Mix-buss compression can be a confusing for those who are unfamiliar with how it works. Some producers throw it on every track to make it punchy, others prefer to keep the buss pure.
If you are going to use mix-buss compression don’t just throw it on at the end, start from the beginning of your mix process with compression on the stereo buss. Each fader change will affect the overall sound, if you throw on compression at the end of mixing the overall balance of your track can be thrown off.
Hardware or Software?
If you prefer to go the hardware route there are some great compression units out there. Just like how different mic pre-amps lend their own sonic character during recording, compressors also impart their own signature on a track. I’m a fan of Universal Audio’s hardware and software compression plugins. These aren’t “transparent” in color but for the type of music I usually work on they add a pleasant sonic quality.
A good way to find your initial compression settings is to watch the meters on your compressor, they should bounce nearly in time with the tempo of the track. If they are going faster you release time may be too short, if they are staying pinned the release time is probably too long. Attack time is a little more straightforward, the faster the attack the sooner the compression will kick in during the attack portion of the sound. Having a slower attack time will let more transients slip through but it may not work for the material you are mixing. Conversely, too fast of an attack can often leave a track dull and flat sounding. Once you are used to listening to how compression works you can trust your ears to tell you if there is too much. You’ll hear an audible pumping, if you hear this you’ve often gone too far unless it’s for a special effect.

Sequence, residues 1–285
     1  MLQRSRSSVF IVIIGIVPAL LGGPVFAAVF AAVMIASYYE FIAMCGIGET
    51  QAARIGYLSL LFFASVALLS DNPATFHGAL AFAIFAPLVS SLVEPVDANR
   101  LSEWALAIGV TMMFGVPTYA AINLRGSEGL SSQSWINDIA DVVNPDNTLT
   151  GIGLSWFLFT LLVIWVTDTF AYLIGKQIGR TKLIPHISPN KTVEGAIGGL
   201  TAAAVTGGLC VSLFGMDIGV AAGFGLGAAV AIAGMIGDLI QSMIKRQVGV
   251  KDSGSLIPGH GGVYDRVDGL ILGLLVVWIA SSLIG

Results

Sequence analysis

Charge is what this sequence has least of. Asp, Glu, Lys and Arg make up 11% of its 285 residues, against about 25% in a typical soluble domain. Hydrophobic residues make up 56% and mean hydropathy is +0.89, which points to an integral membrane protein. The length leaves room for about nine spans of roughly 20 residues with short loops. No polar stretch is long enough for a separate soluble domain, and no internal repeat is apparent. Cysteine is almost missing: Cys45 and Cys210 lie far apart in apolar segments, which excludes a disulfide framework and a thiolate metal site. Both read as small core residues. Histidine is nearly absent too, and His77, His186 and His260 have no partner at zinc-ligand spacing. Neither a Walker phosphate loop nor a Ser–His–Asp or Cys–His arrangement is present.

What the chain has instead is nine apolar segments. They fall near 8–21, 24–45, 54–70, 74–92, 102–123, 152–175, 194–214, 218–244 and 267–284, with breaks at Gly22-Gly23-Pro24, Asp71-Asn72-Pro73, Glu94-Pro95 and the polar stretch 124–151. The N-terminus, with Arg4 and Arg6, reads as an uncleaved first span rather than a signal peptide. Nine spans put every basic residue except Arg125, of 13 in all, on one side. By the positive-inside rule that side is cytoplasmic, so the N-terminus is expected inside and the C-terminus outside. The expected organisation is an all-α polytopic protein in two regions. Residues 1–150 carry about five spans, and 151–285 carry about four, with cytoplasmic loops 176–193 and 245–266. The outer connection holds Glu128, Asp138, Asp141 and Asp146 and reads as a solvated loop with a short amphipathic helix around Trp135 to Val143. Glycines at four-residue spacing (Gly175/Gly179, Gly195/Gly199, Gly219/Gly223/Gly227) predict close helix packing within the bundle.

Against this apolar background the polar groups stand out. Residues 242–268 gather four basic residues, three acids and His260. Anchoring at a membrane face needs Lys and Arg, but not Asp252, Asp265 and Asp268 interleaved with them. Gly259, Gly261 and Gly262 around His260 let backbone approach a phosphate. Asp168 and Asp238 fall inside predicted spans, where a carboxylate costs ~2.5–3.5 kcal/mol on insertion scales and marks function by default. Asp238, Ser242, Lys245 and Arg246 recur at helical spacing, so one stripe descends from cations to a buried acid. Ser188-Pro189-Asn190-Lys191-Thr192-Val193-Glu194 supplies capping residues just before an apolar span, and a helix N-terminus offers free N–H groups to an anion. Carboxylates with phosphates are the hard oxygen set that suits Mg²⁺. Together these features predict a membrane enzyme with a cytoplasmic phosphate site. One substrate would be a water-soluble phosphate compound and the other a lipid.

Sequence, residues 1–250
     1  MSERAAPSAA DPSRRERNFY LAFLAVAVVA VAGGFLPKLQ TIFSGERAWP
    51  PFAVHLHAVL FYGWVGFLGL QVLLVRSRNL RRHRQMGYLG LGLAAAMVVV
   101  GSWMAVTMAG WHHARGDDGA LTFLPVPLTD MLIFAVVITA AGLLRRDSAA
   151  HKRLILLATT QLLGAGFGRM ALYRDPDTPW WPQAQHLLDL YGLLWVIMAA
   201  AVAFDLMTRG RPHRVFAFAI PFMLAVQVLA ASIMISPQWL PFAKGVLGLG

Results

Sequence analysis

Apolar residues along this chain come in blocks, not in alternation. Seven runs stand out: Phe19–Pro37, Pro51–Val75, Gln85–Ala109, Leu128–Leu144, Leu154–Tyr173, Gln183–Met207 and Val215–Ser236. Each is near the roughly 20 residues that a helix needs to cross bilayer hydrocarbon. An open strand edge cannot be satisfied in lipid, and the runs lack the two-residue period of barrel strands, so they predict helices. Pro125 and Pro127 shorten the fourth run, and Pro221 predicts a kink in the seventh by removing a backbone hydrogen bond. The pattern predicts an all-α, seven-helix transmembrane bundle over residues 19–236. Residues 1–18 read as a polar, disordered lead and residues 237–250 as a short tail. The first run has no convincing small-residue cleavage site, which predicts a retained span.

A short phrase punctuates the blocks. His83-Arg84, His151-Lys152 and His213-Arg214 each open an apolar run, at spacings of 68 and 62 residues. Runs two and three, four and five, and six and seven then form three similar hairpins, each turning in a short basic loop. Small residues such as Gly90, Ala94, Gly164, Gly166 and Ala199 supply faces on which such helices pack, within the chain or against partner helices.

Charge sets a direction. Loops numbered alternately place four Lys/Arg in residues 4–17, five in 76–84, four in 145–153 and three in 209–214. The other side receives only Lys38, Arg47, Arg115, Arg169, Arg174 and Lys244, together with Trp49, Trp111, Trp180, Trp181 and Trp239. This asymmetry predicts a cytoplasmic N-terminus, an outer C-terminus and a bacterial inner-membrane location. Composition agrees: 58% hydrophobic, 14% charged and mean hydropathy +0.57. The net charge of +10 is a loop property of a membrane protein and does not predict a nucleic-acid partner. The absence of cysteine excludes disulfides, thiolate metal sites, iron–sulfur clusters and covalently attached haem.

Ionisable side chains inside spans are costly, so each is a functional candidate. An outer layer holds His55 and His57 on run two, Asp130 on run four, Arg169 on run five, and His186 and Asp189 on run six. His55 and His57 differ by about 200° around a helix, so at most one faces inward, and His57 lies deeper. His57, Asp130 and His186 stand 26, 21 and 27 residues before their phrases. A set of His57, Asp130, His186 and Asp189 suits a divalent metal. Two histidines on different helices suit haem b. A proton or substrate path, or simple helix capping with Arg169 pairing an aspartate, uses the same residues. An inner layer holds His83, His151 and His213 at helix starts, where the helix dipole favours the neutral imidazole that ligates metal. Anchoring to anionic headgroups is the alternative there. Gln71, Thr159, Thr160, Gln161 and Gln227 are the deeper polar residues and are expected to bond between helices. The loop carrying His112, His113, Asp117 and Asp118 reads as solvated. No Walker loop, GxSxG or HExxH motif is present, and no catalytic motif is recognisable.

For overall stereo buss compression you can usually leave the ration pretty low, 2:1 or 1.5:1 are a good place to start. Then adjust the threshold so you get a minimal amount of gain reduction. Less is more when compressing the mix buss.
A common mistake most inexperienced mixers make is just throwing on stereo compression to the mix to make their mixes louder to match commercial recordings. If you are going to get your finished tracks mastered I highly recommend against this. Mastering engineers usually add additional compression during mastering and if your mix is already brickwalled it makes it much more difficult to get a decent mastered track. Instead of having one massive stage with lots of compression, split it up. Put some slight compression on the individual tracks. Then some mix buss compression. Finally in mastering put on another level of compression. Three smaller stages of compression will always sound better than one massive stage. I would also avoid throwing on multi-band compression on the mix buss. If you find your track needs it, you’re probably better off going back and fixing the EQ and compression settings per individual track first.
I hope this gives a little insight into how compression on the stereo buss should be used. Happy mixing.